The participants' mean age in the three studied groups was 30.2 ± 11.6 in low dose group, 29.9 ± 9.3 in high dose group and 28.1 ± 8.4 in the placebo group (P < 0.55). The gender distribution was also similar among all groups (P = 0.21).

The systolic blood pressure (SBP) of patients is presented in [Table 1]. The mean SBP was not significantly different at baseline among the three groups. After anesthesia induction, the mean SBP were significantly different between three groups at 2 min after induction and 1 min after intubation (P = 0.001 and P = 0.002, respectively). The lowest mean SBP was seen in the control group and the highest in the high dose ephedrine group. The mean SBP was not significantly lower in patients who received low dose ephedrine compared with the controls at 1 min after intubation (P = 0.11, post hoc Tukey test). The mean SBP was not also significantly different among the two groups receiving ephedrine at this time (P = 0.37 post hoc Tukey test). The mean SBP was not significantly different between the groups at 5 min after intubation.
Table 1: Systolic blood pressure (mmHg) of patients before and after induction of anesthesia with propofol and remifentanil

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The baseline diastolic blood pressure (DBP) was not significantly different in the three groups (P = 0.07). After anesthesia induction, the mean DBP was significantly different between three groups (P = 0.001, one way ANOVA). The highest mean DBP were documented in patients receiving 0.15 mg/kg ephedrine and the least mean DBP in the control group (P = 0.015 Tukey test). Mean DBP was higher in patients who received low dose ephedrine compared with the controls, but it was not statistically significant (P = 0.09). Mean DBP were not significantly different among the two groups receiving ephedrine (P = 0.81). The mean DBP was not significantly different between the three groups 5 min after intubation of patients (P = 0.146) [Table 2].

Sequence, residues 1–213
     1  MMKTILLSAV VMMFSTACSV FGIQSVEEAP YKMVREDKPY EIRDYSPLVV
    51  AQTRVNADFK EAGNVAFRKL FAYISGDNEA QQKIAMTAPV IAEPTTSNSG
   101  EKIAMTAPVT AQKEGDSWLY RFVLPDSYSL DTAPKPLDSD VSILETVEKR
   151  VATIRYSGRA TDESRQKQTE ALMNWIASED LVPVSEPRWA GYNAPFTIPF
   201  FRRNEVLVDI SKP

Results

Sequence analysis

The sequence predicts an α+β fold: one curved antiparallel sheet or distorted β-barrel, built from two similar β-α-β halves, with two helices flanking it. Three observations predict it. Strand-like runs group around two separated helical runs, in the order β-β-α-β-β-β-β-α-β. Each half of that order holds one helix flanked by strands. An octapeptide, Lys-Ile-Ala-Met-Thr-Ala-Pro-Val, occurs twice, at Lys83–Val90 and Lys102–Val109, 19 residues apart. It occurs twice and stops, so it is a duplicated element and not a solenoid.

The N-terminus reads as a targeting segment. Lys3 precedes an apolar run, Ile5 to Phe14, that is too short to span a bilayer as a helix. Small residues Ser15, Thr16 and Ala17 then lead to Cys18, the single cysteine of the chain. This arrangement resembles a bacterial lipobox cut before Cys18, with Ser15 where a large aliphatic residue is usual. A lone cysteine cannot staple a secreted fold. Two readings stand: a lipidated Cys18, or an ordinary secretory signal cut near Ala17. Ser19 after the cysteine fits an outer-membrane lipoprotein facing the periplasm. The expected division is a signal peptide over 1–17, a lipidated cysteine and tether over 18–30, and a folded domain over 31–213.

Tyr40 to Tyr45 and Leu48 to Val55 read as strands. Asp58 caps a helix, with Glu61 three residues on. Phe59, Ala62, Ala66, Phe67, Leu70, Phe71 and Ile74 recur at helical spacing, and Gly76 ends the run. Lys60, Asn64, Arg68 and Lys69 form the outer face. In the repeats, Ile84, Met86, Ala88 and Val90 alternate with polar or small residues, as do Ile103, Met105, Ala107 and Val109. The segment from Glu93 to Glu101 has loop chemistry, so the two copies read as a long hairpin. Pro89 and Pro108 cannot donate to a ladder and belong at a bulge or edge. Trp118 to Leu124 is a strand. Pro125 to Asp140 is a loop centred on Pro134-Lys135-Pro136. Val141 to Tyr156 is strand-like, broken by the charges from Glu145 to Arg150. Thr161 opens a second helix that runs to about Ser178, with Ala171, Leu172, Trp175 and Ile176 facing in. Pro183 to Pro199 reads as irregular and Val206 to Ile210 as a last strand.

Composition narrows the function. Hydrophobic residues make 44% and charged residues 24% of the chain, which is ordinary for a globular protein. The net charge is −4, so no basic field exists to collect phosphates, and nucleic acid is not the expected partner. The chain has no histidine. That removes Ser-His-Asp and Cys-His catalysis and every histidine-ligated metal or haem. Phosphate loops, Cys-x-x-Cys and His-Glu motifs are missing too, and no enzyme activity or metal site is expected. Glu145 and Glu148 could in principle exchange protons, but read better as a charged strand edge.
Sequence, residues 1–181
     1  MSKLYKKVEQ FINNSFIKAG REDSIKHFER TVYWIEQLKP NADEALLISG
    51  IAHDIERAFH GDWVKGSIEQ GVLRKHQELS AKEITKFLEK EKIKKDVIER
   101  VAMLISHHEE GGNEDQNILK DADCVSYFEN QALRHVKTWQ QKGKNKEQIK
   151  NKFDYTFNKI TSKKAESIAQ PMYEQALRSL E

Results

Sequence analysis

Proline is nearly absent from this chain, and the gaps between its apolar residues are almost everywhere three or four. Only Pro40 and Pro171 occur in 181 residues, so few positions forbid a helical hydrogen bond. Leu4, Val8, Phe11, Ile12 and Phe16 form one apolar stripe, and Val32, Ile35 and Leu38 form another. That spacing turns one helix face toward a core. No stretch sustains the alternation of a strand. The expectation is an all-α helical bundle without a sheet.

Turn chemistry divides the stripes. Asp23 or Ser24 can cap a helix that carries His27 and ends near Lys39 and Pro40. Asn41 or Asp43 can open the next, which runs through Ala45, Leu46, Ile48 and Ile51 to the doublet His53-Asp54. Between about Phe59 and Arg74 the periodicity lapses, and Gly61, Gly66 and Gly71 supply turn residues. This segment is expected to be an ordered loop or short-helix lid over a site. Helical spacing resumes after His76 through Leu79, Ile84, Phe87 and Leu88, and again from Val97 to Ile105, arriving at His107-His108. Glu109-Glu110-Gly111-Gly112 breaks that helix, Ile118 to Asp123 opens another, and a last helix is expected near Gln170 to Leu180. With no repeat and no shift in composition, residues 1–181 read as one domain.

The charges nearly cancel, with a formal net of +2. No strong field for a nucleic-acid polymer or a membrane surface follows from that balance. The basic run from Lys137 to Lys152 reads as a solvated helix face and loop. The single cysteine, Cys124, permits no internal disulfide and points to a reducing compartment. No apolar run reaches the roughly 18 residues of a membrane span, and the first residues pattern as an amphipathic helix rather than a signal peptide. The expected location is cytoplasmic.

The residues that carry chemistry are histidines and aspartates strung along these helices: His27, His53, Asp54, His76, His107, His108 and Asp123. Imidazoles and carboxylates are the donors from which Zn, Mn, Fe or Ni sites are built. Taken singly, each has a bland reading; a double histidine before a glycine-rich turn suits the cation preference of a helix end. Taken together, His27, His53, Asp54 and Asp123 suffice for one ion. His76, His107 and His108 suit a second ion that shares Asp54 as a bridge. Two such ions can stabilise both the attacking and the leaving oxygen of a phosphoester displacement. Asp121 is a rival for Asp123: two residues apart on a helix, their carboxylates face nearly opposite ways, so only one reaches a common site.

Table 2: Diastolic blood pressure (mmHg) of patients before and after induction of anesthesia with propofol and remifentanil

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The changes in the mean arterial BP in the three groups studied were similar to the aforementioned changes in SBP and DBP. Mean arterial pressure in patients receiving a dose of 0.15 mg/kg ephedrine were significantly higher than controls (P = 0.017). The mean arterial pressure was not different between the low dose ephedrine group and the controls (P = 0.09). The corresponding pressures were not significantly different between the two groups receiving ephedrine (P = 0.833) [Table 3].
Table 3: Mean arterial blood pressure (mmHg) of patients before and after induction of anesthesia with propofol and remifentanil

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As is presented in [Table 4] while the mean HR was not different between the groups before induction of anesthesia (P = 0.658), the mean of HR was significantly different 2 min after induction of anesthesia, 1 min and 5 min after intubation between the three groups. The mean of HR was significantly higher in the high dose ephedrine group in comparison with the controls, but this was not significantly different in low dose ephedrine group compared with the control group (P = 0.263). The mean of HR was not significantly different between the two ephedrine groups.
Table 4: Mean heart rate (n/min) of patients before and after induction of anesthesia with propofol and remifentanil